"The ride to hell" starts with the #22 Clark bus

Sean Flannery (hat tip to another Irishman) wrote me recently to share his own post on “How I will ride to Hell – the #22 Clark bus”. An excerpt from his post:

I ride the CTA everyday -which is Hell- and I have found its “special place”: The #22 Clark Bus.
If the Chicago Transit Authority had to take over Hell (which would be a minimal change in service),
I have no doubt that the serial killers would be sent to ride the #22, where one waits all day
for a bus that never shows, refusing -the whole time- to enter passing cabs
(or to even start walking) because you mistakenly think you see the lights of the next bus just
over the horizon.

And he reminds us that “The Clark Bus is so unreliable, the CTA could not add it to their
bus tracking website for several years because it crashed “the prediction algorithm.”

I love this photo/drawing he posted as his site.



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  • Here's how to tell you're really in Hell: You get on a bus and none of the seats face forward, or any that do are either 5 feet or 5 inches off the ground, or else have NO space for feet between the front of the seat and the next vertical object. All the rest of the seats on the Hell bus are configured sideways, backwards, upside down or in another dimension.

    I think I have been on this bus a few times. It was torture.

  • In reply to CCWriter:

    And, of course, the 406 new L cars are supposed to have similar seating, except not the new wider seats on the buses.

    What ever happened to the days of the leather upholstered seats on the 2200s? Long ago, and oh so far away....

  • In reply to CCWriter:

    I used to live in any as area not far from the Lincoln Park Zoo where I could take either the 22 or 36 bus downtown -- or the reverse trip from downtown. I always hoped that the bus to come along was the 22 as I considered the 36 the zoo bus, not because it ran close to the Zoo but because of the passengers. I thought the 22 was a classier bus line.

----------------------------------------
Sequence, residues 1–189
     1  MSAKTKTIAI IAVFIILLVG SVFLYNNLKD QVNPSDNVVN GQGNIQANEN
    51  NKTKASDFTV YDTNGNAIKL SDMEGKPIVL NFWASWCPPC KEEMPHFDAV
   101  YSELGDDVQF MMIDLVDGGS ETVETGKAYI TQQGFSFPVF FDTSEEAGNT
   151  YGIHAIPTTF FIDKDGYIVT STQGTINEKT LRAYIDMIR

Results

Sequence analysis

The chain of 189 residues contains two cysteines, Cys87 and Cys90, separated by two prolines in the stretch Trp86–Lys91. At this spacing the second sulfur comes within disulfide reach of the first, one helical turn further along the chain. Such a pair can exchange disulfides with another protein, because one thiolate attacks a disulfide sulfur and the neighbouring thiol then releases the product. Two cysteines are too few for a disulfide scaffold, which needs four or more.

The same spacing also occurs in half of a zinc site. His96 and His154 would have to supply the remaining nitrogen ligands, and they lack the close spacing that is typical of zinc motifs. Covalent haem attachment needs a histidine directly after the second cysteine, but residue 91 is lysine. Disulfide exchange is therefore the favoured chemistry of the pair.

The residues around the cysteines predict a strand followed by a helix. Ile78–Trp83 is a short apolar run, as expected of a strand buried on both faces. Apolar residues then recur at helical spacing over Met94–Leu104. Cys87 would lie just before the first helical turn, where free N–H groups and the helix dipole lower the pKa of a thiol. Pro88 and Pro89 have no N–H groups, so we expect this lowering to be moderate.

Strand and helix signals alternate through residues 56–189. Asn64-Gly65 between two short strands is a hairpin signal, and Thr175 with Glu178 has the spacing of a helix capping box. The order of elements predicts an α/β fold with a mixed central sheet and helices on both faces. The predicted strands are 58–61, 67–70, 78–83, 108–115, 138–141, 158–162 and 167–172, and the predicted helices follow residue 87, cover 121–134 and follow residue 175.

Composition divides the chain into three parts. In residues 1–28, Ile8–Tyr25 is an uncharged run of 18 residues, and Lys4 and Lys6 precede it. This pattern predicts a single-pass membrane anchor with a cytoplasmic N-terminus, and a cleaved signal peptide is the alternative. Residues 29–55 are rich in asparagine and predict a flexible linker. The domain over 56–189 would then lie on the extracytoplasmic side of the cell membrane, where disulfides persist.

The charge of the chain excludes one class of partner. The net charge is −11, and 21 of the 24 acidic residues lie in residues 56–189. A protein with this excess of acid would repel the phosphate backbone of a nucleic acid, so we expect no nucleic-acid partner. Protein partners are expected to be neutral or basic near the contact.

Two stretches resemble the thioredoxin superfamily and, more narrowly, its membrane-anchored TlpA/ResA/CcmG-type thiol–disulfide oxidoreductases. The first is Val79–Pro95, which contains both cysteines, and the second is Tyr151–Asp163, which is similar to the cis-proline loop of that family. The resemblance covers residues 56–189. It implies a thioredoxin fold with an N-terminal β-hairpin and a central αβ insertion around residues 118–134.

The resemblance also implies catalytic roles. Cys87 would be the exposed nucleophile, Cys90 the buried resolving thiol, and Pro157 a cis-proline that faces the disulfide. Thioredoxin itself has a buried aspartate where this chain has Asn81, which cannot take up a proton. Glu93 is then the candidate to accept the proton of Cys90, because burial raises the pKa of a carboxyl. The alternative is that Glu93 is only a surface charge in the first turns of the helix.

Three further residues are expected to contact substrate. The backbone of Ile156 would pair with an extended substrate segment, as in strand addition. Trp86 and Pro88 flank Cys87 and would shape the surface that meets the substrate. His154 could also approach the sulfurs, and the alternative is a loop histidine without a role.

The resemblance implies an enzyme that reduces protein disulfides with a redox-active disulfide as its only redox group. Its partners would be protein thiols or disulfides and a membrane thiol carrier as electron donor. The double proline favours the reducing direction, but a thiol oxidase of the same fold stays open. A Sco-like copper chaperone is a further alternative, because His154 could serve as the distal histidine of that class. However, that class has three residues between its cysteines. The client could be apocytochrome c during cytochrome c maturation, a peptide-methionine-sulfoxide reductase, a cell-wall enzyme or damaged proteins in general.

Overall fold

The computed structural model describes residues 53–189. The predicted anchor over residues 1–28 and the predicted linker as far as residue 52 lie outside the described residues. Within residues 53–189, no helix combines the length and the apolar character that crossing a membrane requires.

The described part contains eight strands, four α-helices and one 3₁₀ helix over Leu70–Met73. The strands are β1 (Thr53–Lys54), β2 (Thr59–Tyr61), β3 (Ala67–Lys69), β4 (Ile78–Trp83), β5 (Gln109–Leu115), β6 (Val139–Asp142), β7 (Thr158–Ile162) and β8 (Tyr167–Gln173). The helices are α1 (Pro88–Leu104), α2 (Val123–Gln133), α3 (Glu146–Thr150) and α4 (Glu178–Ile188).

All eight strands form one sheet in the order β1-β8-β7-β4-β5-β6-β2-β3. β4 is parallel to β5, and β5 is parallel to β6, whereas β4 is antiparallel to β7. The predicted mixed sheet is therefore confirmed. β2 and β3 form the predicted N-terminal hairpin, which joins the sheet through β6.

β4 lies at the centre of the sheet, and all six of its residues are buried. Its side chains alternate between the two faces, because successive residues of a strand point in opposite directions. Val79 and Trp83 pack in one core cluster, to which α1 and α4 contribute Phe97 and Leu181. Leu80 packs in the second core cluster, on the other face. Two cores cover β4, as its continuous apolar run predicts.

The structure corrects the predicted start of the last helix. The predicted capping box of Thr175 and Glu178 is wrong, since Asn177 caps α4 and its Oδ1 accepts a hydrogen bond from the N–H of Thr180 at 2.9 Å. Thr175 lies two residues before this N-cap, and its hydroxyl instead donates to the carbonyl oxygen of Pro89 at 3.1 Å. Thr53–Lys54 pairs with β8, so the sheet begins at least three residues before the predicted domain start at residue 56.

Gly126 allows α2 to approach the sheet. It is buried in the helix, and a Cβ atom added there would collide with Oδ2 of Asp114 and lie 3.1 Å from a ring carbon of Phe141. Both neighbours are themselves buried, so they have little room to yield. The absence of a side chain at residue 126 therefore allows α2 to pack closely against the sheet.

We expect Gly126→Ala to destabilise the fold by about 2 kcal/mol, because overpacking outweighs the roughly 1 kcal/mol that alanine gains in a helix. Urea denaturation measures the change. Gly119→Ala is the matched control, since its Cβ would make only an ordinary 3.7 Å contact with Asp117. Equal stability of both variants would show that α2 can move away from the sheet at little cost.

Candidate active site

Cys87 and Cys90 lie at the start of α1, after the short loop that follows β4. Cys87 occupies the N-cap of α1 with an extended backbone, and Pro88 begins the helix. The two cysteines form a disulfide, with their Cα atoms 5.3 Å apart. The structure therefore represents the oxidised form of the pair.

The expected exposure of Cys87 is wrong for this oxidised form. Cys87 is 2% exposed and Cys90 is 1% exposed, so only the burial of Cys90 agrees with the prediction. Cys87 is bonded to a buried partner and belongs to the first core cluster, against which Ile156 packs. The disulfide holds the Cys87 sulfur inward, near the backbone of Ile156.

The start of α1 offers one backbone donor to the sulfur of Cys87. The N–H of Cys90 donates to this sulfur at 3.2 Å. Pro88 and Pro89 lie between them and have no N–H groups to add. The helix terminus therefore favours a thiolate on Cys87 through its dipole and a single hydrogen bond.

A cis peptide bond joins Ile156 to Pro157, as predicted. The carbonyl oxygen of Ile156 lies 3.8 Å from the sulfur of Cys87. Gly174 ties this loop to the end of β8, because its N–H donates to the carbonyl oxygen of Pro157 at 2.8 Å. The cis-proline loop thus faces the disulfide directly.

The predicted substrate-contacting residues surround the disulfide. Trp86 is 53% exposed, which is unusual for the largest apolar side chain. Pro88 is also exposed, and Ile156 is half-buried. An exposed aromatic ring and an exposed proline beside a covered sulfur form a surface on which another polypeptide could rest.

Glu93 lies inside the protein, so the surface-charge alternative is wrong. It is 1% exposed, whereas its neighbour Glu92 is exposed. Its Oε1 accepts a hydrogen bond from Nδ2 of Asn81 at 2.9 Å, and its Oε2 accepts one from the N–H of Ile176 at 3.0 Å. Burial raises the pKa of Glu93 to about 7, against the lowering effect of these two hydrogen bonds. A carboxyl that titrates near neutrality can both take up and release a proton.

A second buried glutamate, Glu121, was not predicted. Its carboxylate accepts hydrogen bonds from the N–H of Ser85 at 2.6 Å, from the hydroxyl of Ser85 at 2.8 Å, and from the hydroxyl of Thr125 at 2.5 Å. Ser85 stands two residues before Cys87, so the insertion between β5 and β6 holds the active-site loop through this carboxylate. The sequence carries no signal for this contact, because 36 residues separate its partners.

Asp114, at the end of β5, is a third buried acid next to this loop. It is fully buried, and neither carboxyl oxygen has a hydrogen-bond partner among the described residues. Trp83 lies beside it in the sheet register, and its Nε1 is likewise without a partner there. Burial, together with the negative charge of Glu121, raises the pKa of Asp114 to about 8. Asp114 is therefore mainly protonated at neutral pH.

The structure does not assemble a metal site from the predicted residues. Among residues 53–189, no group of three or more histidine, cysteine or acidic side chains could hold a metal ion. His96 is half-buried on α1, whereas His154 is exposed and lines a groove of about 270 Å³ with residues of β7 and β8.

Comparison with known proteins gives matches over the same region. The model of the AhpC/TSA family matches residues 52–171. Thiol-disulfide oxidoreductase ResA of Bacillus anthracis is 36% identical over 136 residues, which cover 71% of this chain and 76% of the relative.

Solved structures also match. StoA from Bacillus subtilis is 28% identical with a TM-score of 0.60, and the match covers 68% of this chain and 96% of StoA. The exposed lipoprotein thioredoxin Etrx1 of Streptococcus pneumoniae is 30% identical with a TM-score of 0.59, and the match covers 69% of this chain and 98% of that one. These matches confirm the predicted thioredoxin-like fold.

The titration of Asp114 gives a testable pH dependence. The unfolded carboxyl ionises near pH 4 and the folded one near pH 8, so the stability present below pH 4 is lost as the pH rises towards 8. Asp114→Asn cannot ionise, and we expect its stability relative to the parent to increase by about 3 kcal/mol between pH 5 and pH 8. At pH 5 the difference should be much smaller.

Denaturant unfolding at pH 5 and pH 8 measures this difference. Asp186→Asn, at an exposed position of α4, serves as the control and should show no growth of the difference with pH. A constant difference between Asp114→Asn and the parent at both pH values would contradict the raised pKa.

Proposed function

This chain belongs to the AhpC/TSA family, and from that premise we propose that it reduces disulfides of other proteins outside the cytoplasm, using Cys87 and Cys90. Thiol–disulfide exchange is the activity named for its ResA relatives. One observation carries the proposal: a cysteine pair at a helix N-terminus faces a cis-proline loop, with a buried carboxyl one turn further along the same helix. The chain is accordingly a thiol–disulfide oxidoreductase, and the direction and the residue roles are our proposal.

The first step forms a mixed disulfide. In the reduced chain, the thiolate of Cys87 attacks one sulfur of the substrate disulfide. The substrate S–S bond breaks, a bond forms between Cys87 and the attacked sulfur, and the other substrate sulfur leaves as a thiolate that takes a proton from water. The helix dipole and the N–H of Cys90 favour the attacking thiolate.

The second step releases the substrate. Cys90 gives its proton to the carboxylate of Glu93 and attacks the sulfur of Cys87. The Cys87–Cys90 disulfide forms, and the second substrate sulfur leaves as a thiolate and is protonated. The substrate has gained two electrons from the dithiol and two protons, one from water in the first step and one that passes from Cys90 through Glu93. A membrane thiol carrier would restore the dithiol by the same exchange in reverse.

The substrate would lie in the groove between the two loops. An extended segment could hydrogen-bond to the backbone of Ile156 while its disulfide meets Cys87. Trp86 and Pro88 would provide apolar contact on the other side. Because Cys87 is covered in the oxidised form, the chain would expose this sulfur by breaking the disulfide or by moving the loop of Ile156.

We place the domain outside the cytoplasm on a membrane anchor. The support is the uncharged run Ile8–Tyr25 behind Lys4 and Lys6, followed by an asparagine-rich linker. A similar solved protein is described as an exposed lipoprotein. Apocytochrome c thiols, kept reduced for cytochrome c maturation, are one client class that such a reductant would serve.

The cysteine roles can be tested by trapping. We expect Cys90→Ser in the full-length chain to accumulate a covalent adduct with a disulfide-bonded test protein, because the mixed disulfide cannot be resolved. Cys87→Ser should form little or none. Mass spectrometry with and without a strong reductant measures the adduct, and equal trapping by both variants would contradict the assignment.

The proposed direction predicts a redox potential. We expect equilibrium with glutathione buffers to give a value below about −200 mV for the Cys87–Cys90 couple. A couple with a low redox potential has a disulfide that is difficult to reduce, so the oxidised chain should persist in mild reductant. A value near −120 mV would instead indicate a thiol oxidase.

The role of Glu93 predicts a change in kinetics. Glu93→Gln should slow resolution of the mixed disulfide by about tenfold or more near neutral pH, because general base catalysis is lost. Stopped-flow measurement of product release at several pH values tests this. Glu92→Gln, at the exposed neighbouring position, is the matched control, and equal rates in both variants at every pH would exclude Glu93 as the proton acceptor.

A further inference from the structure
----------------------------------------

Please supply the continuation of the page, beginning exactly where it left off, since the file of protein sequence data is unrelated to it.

• In reply to CCWriter:

    Everyone in this town thinks the bus they ride most often is the worst bus line in town.

  • In reply to CCWriter:

    As a long time critic of the 22, I think it got much better since Bustracker went live for it.
    I also think that they added runs to the route to improve service.
    And on Feb 7, they will decrease the runs & turn the 22 back into the disaster like it was before.

    But as bad as the 22 is, was & will continue to be, I also ride the 4, & it's worse, much worse.
    The longest daytime wait I've had on Clark in the last 3 years has been 25 minutes & that was only once, otherwise I've had a few 20 min. waits.
    But on the 4, I've had numerous 25 minute waits & a few 35 min. waits. This bus is a total disaster.
    I think it's the 5th longest non-express route in the system.
    It's screwed up by the insane Michigan Ave. traffic downtown & the scammers that want to ride for free south of 35th St.

  • I remember hearing a lot of talk about how the CTA was delaying putting the 22 on bus tracker out of fear data would be collected on how bad the route was. Anything come of this?